- Machete Ridge Opens for Climbing
(posted: Nov 08, 2020)
Machete Ridge closures have officially been lifted. All routes are open for climbing again.
Let Your Voice Be Heard! Send Your GMP Feedback.
posted: January 01, 2013
Let Your Voice Be Heard
Which "Alternative" do you prefer?
Send your GMP feedback to the Park using their on-line form. It only takes a second - the form is tiny.
Park General Management Plan
The Pinnacles General Management Plan is under review. As a member or fan of Friends of Pinnacles you have already demonstrated an active concern for the future of climbing at the Park, so do your part. There are only a handful of days left to give the Park your feedback regarding the plan.
We know that at 325 pages it is a bit much to ask you to read the entire GMP, especially since there is little in it specific to climbing, but it is still VERY important that you let your voice be heard with regard to helping the Park choose a "Management Alternative."
FOP has tried to summarize the "Alternatives" for you and provides additional information about the GMP that we think you may find valuable, both as a climber and a Park visitor. We call out climbing specific elements along with significant differences between the Alternatives.
For details you may also want to review the Summary Tables of Alternatives and Impacts section in Chapter 3 of the GMP.
FOP has also posted a simplified version of the summary tables on our Web site.
What Is The GMP
As most of you already know the General Management Plan (or GMP) is a document, created by the Park, which "articulates a vision and overall management philosophy for Pinnacles that will guide decision-making for the foreseeable future." According to Superintendent Karen Beppler-Dorn, "foreseeable" means 10 to 15 years. This "articulated philosophy" will be based on one of four "Alternatives" that the Park is asking us to, essentially, vote on.
What The GMP Is NOT
The GMP does not establish any specific policies related to climbing or route development in the Park. Those policies will be established in the "Climbing Management Plan" (or CMP) to be completed in the 2013/14 time frame.
BE AWARE! While all four Alternatives allow for continued climbing activity, each has (or lacks) provisions that could affect climbers indirectly OR impact the specifics determined later in the CMP.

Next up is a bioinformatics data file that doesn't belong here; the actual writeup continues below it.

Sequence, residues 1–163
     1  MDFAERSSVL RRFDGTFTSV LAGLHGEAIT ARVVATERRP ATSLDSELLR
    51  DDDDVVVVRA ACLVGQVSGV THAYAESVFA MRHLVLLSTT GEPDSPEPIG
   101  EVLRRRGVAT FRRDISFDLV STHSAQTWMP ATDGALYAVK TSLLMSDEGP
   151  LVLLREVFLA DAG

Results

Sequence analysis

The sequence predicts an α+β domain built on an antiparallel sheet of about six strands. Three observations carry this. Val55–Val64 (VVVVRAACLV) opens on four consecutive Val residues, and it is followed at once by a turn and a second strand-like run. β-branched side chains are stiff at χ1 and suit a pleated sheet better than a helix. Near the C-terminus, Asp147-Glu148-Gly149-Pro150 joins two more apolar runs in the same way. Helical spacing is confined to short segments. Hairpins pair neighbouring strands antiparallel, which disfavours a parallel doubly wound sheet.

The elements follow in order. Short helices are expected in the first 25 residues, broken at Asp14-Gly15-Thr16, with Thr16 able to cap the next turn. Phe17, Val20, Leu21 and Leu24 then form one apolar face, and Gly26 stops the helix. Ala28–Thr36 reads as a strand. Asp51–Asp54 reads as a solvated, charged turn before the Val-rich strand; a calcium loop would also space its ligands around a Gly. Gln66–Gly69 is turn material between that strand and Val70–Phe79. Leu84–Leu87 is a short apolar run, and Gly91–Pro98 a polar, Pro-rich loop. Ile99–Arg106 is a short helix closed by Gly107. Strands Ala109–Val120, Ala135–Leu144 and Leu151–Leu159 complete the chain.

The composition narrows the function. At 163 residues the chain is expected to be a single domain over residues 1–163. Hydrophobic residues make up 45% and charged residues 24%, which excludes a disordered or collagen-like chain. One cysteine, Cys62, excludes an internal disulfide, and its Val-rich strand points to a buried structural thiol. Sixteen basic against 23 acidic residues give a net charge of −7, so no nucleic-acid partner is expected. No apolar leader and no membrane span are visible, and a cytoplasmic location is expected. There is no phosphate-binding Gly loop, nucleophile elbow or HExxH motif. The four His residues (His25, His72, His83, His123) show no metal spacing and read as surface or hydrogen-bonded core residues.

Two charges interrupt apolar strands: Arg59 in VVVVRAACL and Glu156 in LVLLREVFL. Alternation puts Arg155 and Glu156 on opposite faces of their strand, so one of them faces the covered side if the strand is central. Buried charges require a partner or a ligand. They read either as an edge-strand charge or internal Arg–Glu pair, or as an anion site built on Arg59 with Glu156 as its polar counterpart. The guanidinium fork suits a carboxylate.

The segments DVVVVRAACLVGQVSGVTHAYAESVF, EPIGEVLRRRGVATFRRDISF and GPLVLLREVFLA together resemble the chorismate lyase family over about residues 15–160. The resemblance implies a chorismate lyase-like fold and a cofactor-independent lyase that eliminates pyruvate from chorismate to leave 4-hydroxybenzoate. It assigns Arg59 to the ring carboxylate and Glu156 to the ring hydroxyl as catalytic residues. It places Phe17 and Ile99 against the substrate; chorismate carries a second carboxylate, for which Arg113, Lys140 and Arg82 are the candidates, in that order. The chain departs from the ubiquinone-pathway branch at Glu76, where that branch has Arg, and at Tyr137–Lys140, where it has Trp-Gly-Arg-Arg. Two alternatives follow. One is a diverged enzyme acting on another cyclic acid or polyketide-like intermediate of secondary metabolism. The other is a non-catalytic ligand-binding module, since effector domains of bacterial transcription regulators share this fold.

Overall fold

What Are The "Alternatives"
To keep things as simple as possible FOP has created a greatly simplified summary of the 4 Alternatives calling out key elements of each and identifying Pros and Cons for each "relative to the climbing community." To paraphrase a great saying: "One park user's pros are another park user's cons."
Based on previous review by the general public (2008), four Alternatives have been identified. Each Alternative describes a strategy for managing and mapping each of the five *Park "Zones."
* details on Management Zones can be found in Chapt. 3, page 45
Note: The Park has already endorsed Alternative "D" - a "hybrid" of elements from the other alternatives. Friends Of Pinnacles also endorses Alternative "D."
ALL of the GMP alternatives specifically state that climbing will continue as a recognized activity.
Alternative "A" (Continue Current Management - No Change)
This basically means "stay the course" or don't make any changes to current policies. These current policies would be be officially documented along with baseline conditions for monitoring progress.
Alternative "B" (Emphasize Backcountry Experience - Back To Nature)
This alternative focuses on the backcountry experience. Implementation includes: expanded "primitive" wilderness designations, reduced facilities and resources, restoration of wilderness where feasible.
Alternative "C" (Expand Visitor Experience - More Visitors)
This alternative expands an array of visitor use opportunities; the focus being more visitors experiencing more of the park.
Alternative "D" (Link People and Resources - focus on stewardship and sharing)
This is the Park and FOP endorsed alternative. The plan is a hybrid of the other alternatives, blending the strengths and advantages from the other alternatives. This plan changes the focus from a more physical orientation to a more visceral, broad view perspective. In essence this alternative promotes resource preservation and sharing through education and encouraging stewardship across all affected communities.
That completes your "crash-course" in the General Management Plan for Pinnacles.
So... Submit Your Comments Today!
mail in version of the Feedback Form.